Cover of CD Re-release, Not Original Album

 

Two years earlier, Carl Perkins had been the headliner at the first “Good Rockin’ Tonight” concert, presented during Elvis Week by Darwin Lamm, editor and publisher of Elvis International magazine.  Perkins was unable to sing at the second annual concert in 1991 because of his cancer surgery, but he was back as headliner again for “Good Rockin’ Tonight 3” in 1992.

Again, Carl Perkins worked on Scotty to join him – this time, on stage playing the guitar. Scotty agreed, and became part of the most exciting line-up in the history of Elvis Week concerts.  Not only did the fans get to see Elvis’ first guitar player, they also got to see his last one, James Burton.

James Burton and Scotty Moore Rehearsing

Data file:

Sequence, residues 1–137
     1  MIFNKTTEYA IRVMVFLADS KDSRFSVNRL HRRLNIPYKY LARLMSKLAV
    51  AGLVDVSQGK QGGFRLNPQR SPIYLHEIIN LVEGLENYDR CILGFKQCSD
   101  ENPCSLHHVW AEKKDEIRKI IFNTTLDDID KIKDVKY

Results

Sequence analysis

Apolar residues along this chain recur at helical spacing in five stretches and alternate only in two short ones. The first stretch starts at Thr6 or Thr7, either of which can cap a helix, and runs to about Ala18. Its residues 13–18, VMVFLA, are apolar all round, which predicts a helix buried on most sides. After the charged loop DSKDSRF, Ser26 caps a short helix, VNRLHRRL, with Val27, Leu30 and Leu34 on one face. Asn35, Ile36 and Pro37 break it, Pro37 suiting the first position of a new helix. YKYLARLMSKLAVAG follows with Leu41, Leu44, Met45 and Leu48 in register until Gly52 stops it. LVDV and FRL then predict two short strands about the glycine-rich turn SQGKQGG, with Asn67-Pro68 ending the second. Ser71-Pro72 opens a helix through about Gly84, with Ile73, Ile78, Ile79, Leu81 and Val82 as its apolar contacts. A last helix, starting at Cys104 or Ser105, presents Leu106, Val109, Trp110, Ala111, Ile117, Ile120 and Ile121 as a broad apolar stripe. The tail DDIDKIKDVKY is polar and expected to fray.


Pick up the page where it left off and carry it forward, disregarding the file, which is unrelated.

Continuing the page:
The Sun Rhythm Section, featuring Sunny Burgess and DJ Fontana opened the show and wowed the audience with an excellent Rockabilly set.  Also on the bill were the Jordanaires who backed Elvis on too many records to count and Ronnie McDowell who sang the songs on several Elvis movies and TV biographies.

From left – James Burton, DJ Fontana, Scotty Moore. Behind Carl perkins on stool — Jardanaires, Ronnie McDowell (in black, white belt), and others.

 

Scotty’s long-time friend, Gail Pollock, summarized the show, “It was electric.”  Especially, when Carl Perkins and Scotty Moore were on stage together.

 

After that, Scotty was hooked.  A week after the concert in Memphis, he went to England to perform with the Jordanaires.  He had been away from performing for 24 years, but at age 61, Scotty Moore was back.  Thousands of fans have seen him at concerts in the years since, and Scotty Moore has brought tears of happiness to more than a few of them.

 

Many thanks to James Roy, webmaster for www.scottymoore.net, and to Gail Pollock for their help in supplying the photographs and historical reference material for this article.

 

©  2012    Philip R Arnold, Original Elvis Blogmeister    All Rights Reserved    www.ElvisBlog.net

 

Elvis, Elvis Presley, and Graceland are registered trademarks of Elvis Presley Enterprises, Inc.